One of Many Voice Posts

Sandy Sahar Gooen
2 min readJul 13, 2022

I’ll be focusing on gender and voice and many other music nerd things in grad school, but I had to make an initial statement on this area that has affected several people I care about, including me.

We tell cis boys and anyone else whose voice has been affected by testosterone dominant changes that their voice is broken.

Some other unhelpful language that I’ve heard is “vocal damage,” “voice cracks,” “the awkward phase,” “the bad years,” etc. This current overarching narrative, regardless of gender, has to go.

I want to acknowledge that some transfeminine people have their own relationship with this language, but I won’t speak over them on this topic.

For cis boys, who eventually become cis men, as long as their voices can soar back into the high belt, they once again receive praise. Otherwise, they are lackluster but less frowned upon than their trans counterparts. Many boys and men stop singing before they reach that point because they get discouraged at a crucial turning point in their lives.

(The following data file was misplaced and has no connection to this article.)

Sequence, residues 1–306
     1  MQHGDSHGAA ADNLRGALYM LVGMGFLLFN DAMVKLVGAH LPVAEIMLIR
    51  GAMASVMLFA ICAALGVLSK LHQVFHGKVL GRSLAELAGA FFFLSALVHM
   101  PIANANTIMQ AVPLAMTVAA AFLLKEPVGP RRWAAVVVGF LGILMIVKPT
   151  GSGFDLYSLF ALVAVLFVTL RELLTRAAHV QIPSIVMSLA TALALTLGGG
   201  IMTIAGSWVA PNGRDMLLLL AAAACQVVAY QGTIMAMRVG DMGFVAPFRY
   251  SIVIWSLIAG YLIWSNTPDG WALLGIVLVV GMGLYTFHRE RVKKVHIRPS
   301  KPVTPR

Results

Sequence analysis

Trans men/transmasculine people rarely get mentioned, period. We certainly rarely get mentioned as singers. Still, when we are, we receive criticism for taking testosterone and are seen as less valuable than we were with higher voices.

Testosterone does not cause vocal damage. Testosterone is not poison. And just because some of us “choose” to change our voices doesn’t make that a bad thing.

If your voice changes, which all voices do, go with it. Sometimes it’s a choice, and sometimes it’s not; it’s all an opportunity to grow.

I reframe my journey as a process of healing, learning, and growing up. Try reframing a voice change in a growth mindset rather than setting up another group of people to internalize shame about their voices, their bodies, and themselves.